Would You Eat an M&M That Fell on the Floor?

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News you can use from Aaron Carroll:

Perhaps no one in the United States has spent more time investigating the occurrence of bacteria on public surfaces than Charles Gerba.

According to Carroll, Gerba’s research tells us that it’s just fine to eat food that you’ve dropped on the floor. This sounds suspiciously like motivated reasoning to support the stereotypical male point of view, and I’m a little curious to learn what Mrs. Carroll thinks of this. I suppose we’ll never know. In any case, the argument here is that your average floor is no more germy than any other surface in your house, and less so than many. Kitchen floors, for example, have about half the bacteria of kitchen counters.

That’s all fair enough, but what about ordinary old dirt and dust? My kitchen counters have almost none of that. My kitchen floor has lots, thanks to the fact that I walk on it, the cats walk on it, the dust accumulates until I vacuum it, and so forth. It may be that dirt and dust aren’t likely to make you sick, but it’s still a little disgusting to have it all over your food. Or am I being a little too fastidious here?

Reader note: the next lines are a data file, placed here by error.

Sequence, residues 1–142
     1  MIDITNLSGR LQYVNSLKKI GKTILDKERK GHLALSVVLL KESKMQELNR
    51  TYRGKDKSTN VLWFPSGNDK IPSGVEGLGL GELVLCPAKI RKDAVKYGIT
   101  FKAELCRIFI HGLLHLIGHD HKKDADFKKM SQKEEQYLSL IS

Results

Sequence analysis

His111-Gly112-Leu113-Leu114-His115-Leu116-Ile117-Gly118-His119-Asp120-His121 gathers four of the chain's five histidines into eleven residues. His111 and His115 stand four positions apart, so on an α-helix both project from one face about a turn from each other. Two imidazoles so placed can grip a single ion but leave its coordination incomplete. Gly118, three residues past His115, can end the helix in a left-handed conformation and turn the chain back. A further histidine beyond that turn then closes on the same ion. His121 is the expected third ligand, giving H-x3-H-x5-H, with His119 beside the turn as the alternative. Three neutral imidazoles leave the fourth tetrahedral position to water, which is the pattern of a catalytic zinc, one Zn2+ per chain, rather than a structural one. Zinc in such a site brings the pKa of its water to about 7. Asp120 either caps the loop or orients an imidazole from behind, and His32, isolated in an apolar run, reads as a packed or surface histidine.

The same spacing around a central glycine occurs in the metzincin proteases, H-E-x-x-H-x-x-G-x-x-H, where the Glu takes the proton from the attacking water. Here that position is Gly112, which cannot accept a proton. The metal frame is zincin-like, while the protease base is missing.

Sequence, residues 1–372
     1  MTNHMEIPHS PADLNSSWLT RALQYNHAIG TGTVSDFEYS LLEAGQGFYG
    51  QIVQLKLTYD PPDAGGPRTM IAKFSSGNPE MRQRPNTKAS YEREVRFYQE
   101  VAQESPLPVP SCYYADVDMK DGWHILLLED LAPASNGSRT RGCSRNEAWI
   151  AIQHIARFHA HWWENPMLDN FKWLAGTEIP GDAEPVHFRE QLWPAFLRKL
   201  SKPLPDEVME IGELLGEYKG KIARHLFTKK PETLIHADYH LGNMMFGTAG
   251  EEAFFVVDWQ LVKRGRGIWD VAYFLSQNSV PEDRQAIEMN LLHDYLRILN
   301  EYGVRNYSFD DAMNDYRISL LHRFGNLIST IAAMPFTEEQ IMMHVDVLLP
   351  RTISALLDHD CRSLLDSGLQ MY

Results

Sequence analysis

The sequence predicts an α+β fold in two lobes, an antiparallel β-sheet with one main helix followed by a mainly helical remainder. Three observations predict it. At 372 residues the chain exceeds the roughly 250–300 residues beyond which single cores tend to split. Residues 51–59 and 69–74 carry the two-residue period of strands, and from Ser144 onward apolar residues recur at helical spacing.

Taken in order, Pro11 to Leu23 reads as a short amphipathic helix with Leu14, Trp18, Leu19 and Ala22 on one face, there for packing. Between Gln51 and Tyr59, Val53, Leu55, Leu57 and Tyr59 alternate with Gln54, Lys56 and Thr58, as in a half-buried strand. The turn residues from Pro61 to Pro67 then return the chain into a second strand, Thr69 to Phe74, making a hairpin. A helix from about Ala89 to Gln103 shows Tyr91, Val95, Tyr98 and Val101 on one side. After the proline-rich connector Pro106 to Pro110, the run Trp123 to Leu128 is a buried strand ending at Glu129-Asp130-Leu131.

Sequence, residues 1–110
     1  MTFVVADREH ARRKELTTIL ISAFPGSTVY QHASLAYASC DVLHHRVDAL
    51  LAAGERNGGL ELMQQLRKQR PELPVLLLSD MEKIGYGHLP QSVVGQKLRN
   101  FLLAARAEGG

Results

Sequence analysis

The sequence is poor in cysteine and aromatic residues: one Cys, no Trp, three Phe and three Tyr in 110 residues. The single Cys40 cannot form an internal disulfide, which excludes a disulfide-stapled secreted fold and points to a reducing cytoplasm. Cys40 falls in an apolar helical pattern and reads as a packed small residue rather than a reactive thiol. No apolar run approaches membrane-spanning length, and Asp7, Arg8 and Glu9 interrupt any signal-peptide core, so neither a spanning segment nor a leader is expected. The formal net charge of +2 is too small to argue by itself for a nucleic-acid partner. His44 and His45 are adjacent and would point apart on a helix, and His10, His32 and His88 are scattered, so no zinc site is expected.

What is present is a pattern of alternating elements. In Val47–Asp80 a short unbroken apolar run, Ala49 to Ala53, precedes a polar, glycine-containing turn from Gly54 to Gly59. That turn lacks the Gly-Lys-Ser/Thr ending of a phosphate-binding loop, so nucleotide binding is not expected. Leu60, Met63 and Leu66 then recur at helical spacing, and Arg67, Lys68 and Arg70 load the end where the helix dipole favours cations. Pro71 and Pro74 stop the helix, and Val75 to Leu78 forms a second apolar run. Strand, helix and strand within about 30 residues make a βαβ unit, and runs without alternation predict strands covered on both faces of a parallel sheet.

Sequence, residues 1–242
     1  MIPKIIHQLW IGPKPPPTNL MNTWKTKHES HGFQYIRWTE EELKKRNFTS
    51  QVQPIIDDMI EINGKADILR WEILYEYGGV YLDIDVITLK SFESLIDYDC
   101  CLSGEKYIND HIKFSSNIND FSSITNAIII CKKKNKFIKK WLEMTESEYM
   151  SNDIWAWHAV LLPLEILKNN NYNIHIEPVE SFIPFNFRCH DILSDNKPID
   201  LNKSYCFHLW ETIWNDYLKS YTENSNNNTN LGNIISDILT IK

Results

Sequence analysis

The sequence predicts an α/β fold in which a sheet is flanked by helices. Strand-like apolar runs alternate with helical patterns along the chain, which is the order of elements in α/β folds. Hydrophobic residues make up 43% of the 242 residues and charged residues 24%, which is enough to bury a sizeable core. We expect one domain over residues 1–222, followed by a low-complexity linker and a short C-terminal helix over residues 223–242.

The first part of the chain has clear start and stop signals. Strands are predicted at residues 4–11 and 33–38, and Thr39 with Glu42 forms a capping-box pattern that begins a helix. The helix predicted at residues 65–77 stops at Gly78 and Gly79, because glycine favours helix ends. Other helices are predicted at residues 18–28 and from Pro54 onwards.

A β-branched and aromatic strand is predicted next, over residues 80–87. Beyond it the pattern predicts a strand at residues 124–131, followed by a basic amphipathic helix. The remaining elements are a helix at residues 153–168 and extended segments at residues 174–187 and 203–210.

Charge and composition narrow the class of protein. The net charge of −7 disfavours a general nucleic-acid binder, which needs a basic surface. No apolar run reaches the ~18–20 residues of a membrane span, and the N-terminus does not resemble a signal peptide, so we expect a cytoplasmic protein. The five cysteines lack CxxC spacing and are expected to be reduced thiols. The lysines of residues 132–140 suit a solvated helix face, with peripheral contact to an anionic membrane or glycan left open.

Of course, it also depends on the food item. If a peanut M&M fell on the floor, I’d have no qualms about rubbing it clean with my shirt and then eating it. But a leftover piece of chicken? Probably not.

I wonder what Donald Trump would think of all this? He’s a famous germaphobe, but he also apparently thinks that fast food is safer than other foods because it’s highly processed and standardized. So what would he think about an M&M that fell on the floor?

UPDATE: Mrs. Carroll speaks!

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And the truth is, going into the final 4 days of the year we still needed to raise $TK to hit our $350,000 goal and start 2021 on track. It's nerve-wracking, wondering if the big spike we normally see at the end of December is going to be another thing that doesn't go as planned in 2020, or worse, if, now that Donald Trump is set to leave the White House (for longer than a taxpayer-funded golf trip to a property he owns), folks might be pulling back from fighting for the truth and a democracy and think the hard work is done.

It's not, and if you can right now, please consider a year-end donation to support our team's fearless nonprofit journalism so we can close that big fundraising gap and finish the year strong, ready for all that's ahead in 2021. Whether you can give $5 or $500, it all matters in keeping us charging hard, and we'd be grateful.

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